I just finished my first sprint triathlon and here is what I learned and did leading up to the starting gun.
Eliminate the stress of forgetting something for your race by using checklists. I have two main checklists:
- Packing List - everything I needed for the race day including pre-race fuel and clothes to wear home from the race. I included 5 categories - General, Swim, Bike, Run and Recovery.
- Race Focus List - key items I want to remember and focus on for the race. These included the length of my warm-up, that I wanted to go hard on the bike right before the run. This list will change race to race. I also jotted a couple of notes right after the race for things to remember for my next race.
You need a gear bag. It doesn’t have to be a new, Ironman branded bag, anything that you can comfortably fit your gear into and preferably with various pockets. I like everything in its place. I used an old cycling bag I have had for 20 years. It worked great and was able to handle by helmet; two sets of shoes and everything except my wetsuit.
I literally had my checklist and gear bag together and checked off each item as I packed it in the bag. When the checklist was completed I knew the bag was complete and it went right into the car.
I packed my bag race day minus 2 (day-2). That way I had time to pick up any missing items. I recommend that you don’t wait until the day before. In most cases that is too late.
With my bag packed and wetsuit in the car (assuming the race is wetsuit eligible) I am off to the race.
I headed to the race venue and picked up my packet as early as possible. Going the day before was key for me. You won’t be time crunched to have to get through getting your packet, getting marked, setting up your transition area and allowing enough time for a good through warm-up.
Getting there Day-1 allowed me to attend the pre-race briefing; which was extremely valuable for this being my first race. The host shared a couple of tips that I used. I highlight those below.
Drive the bike and run courses
I was able to drive the bike and run courses. I noted the hills during the ride and identified areas where there was gravel around turns and other potholes to avoid. Really gave me confidence I knew what was coming on the run and bike.
I studied the transition area and knew exactly how the flow for each transition worked. Once again this eliminated more uncertainty.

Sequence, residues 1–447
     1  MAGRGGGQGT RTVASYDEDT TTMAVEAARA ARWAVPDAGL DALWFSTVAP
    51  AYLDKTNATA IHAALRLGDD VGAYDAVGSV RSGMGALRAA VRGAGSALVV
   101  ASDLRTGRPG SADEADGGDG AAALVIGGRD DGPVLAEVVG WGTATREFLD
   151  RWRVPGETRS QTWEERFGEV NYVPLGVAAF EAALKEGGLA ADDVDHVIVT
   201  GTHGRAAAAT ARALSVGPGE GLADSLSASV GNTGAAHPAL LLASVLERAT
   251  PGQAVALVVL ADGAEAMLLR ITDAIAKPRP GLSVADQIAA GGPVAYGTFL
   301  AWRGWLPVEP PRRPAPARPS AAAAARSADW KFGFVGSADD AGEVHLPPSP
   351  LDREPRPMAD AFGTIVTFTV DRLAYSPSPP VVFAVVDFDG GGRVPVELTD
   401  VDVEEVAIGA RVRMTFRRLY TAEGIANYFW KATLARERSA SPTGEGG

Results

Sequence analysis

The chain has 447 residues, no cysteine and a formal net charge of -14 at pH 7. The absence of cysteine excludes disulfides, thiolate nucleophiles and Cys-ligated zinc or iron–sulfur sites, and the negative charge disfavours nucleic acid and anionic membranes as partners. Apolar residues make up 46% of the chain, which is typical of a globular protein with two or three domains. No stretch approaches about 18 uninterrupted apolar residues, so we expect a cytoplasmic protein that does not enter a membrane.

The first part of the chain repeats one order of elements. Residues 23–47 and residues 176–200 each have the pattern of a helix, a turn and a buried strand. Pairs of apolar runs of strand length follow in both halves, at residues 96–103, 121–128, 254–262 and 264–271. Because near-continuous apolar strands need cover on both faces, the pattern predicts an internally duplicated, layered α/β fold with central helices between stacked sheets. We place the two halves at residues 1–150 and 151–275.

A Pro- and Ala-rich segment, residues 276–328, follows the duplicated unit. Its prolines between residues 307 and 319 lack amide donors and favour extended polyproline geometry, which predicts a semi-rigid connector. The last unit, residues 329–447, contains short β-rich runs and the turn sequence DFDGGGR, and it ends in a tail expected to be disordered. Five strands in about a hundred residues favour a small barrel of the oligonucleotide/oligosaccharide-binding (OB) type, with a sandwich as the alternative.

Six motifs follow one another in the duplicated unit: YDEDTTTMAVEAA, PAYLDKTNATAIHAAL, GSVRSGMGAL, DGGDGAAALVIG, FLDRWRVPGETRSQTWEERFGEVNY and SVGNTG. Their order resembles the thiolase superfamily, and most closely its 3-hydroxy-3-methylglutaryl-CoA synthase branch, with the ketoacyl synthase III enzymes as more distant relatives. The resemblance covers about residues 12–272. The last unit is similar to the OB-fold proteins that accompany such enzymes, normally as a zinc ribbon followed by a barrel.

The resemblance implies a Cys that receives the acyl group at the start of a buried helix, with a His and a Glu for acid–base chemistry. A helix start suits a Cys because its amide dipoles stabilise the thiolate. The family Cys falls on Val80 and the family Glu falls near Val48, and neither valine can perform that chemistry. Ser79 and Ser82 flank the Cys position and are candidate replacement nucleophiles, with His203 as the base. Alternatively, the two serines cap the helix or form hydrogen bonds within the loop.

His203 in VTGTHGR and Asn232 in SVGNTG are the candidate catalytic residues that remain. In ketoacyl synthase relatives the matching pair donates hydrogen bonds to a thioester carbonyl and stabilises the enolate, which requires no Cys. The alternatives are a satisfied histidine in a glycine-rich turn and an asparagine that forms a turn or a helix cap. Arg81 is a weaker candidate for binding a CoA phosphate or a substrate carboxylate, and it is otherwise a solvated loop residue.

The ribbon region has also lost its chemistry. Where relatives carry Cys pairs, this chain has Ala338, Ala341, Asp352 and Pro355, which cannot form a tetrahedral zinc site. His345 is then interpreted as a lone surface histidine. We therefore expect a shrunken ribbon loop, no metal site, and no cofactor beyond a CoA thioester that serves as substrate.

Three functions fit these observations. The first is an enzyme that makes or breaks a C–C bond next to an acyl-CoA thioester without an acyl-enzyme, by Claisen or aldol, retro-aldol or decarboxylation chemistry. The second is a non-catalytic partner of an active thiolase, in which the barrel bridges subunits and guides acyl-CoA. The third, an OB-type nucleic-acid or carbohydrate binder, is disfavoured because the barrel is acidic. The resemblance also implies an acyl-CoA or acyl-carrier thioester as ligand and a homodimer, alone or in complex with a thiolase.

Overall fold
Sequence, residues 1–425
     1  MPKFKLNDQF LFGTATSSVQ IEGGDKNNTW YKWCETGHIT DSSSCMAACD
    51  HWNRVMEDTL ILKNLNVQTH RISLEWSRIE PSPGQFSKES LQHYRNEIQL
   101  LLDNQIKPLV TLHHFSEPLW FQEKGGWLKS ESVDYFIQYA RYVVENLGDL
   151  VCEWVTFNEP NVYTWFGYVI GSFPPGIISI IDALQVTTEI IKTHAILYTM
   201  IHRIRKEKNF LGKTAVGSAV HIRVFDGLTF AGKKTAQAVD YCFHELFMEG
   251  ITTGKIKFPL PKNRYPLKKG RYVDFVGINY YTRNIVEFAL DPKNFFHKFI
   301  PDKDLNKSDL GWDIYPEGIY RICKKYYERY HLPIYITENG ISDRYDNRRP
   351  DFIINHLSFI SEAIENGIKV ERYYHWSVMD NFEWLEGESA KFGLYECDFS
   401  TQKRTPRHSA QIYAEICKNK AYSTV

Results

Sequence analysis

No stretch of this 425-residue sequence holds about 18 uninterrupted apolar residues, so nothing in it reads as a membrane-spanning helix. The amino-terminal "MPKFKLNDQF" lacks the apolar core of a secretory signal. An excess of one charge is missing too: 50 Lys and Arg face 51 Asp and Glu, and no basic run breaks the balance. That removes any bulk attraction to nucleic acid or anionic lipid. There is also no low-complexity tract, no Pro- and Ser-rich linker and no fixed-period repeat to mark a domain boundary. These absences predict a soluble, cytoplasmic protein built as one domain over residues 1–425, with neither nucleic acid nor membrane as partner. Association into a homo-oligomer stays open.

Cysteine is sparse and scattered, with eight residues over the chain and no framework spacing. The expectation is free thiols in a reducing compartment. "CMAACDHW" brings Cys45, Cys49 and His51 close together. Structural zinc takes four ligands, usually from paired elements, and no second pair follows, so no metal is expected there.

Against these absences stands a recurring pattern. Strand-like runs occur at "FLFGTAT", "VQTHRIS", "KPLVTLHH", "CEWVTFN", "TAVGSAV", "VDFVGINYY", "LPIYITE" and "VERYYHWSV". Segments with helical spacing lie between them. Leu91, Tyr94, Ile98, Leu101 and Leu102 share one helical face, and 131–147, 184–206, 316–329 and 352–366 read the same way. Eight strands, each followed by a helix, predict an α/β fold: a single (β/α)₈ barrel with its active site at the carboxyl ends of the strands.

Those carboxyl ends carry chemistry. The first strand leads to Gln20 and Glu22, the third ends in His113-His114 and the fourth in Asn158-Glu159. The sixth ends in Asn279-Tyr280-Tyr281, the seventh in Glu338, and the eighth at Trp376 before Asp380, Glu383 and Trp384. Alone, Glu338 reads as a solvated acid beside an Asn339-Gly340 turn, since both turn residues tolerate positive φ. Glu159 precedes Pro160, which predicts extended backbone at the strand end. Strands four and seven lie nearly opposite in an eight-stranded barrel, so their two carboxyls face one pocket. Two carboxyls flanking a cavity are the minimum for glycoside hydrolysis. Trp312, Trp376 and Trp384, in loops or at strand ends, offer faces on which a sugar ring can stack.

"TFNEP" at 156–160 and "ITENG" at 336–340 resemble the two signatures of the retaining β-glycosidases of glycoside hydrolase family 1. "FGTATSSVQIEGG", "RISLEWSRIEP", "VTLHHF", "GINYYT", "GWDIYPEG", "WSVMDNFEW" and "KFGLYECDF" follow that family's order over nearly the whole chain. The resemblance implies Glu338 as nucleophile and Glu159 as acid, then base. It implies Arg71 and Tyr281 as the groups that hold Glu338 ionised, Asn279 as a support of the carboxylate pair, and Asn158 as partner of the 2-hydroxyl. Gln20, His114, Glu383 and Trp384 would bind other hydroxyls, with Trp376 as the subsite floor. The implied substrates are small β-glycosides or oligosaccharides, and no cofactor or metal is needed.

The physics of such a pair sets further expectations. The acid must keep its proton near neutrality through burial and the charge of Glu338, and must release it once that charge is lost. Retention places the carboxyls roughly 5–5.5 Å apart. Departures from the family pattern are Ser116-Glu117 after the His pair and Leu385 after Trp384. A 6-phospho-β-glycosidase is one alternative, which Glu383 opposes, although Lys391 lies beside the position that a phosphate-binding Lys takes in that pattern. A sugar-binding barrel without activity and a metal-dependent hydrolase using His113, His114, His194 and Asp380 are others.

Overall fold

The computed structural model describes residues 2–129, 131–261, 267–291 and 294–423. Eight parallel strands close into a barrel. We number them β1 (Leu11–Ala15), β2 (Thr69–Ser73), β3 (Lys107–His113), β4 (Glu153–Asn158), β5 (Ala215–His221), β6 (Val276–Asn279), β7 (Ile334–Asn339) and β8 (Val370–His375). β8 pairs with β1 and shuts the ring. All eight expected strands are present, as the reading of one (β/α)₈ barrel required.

Walk down and view the swim course
Understand what buoys are to your right, left where you turn etcetera. Easier to get that down on land rather than in the middle of race. Walk the transition from the swim up to the transition area. Any uneven ground, things to avoid? You have a change to see that.
After your Day-1 course review you have reduced some of the uncertainty and stress of the unknown. Now you are ready for Race Morning.
First thing I did was to get marked and get your timing chip. For this HFP race they don’t pass out the timing chips until race morning, along with body marking. Remember to place the chip on your LEFT Ankle, as this will ensure it doesn’t get tangled with your bike sprocket.
For my first race the transition area was first come first serve. I selected a spot that was right by a large flag. This was key for me being able to see when your transition area is. Remember it is easy to spot your bike coming off the swim, but when you are coming back for T2 after your bike you won’t have your bike as an indicator. Find a large easily viewable landmark to place your transition area.
Here are a couple of items I used during my first race
Garbage bag – it rained right up until 15 before the race started so I was able to get my gear set up for the transition and have it laid out inside the large garbage bag. My stuff was organized and dry. When nit stopped raining I was able to quickly get it out the bag and kept it dry.
Chalk – If you can’t get next to a landmark for your transition bring some sidewalk chalk or duct tape to put a big mark on the ground signifying your transition area. Your transition area is set, now its time to get the wetsuit on and head to the swim. You can also use duct tape.
Key - Warm up more than you think
I didn’t warm up enough and suffered a little on the swim. I learned that I needed to swim enough to feel tired which was the adrenaline burning off. You this by getting fully submerged and do 30 seconds of slow swimming with 15 second bursts. Getting your heart rate up is key and gives you a great warm-up. The colder the water the longer the warm-up. Cold water on your body and face during a race is a recipe for disaster and open water panic.
You are ready, oh one more thing -
Remember to Have Fun!